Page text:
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Pascoe Grenfell - Businessman, MP for Gt Marlow and founder of a Dynasty
Pascoe Grenfell (1761 – 1838) - Businessman, Member of Parliament for Great Marlow
and founder of a Dynasty
National Portrait Gallery
Pascoe Grenfell was a Whig MP for Great Marlow from 14 December 1802 to 29 February 1820 and for Penryn in Cornwall from 9 March 1820 to 2 June 1826. His involvement with Marlow came through his relationship with the Williams family who at one point dominated the copper industry in Britain and who dominated property and politics in Marlow from 1790 to 1885. Although initially junior to the Williams family, Grenfell became wealthy in his own right and founded a successful business and political dynasty.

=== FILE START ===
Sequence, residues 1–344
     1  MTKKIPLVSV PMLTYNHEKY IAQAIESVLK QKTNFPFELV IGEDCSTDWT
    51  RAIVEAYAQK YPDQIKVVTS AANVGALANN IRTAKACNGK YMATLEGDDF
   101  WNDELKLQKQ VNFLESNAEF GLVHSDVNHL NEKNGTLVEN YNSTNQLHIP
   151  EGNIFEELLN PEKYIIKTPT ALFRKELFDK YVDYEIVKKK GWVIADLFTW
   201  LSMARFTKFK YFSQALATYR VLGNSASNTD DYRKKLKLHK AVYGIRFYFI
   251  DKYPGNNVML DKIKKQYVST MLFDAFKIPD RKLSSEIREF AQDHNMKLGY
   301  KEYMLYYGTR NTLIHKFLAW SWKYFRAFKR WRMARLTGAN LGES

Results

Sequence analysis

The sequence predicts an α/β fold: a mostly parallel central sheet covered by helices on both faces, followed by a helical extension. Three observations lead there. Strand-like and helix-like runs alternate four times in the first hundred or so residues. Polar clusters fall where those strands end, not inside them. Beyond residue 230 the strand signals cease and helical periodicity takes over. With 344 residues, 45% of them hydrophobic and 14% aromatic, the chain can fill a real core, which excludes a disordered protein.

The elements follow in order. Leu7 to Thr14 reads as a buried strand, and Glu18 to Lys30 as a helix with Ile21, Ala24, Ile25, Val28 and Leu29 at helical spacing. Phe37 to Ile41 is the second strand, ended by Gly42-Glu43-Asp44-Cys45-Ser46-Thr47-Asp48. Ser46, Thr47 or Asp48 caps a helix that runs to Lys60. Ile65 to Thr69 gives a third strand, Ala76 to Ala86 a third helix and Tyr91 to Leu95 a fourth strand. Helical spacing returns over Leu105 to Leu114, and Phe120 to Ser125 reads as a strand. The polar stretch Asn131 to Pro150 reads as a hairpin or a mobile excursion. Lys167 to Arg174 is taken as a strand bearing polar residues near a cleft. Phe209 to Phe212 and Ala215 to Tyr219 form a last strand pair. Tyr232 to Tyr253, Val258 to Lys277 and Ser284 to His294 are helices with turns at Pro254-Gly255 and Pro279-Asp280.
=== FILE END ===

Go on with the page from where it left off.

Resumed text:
Pascoe Grenfell was born in Marazion in Cornwall and was baptised in the local church on 24 September 1761. His father, also Pascoe Grenfell, was a merchant in London and became commissary to the states of Holland. After studying at the grammar school in Truro the younger Pascoe Grenfell joined his father and uncle in business in London.
In 1786 he married his cousin, Charlotte Granville, and had three sons and a daughter. The eldest son Pascoe Granville Grenfell, a second son who died in infancy and a third son, Charles Pascoe Grenfell, born in 1790 shortly before Charlotte’s death. After he became established with the Williams family, and purchased Taplow House, in 1798 he married Georgina St Leger, the daughter of the 1st Viscount Doneraile with whom he had 13 children before her death in 1818. Georgina and her last daughter, who had died a few months earlier, were the first burials in the Grenfell vault in Old Taplow Churchyard which now contains 25 members of the family and was last used in 1974. Grenfell became estranged from his eldest son although they appear to have been reconciled since he was buried in the Grenfell vault.
As well as his involvement in politics and business, as a Trustee, Pascoe Grenfell also played a significant role in the re-building of the Royal Theatre, Drury Lane.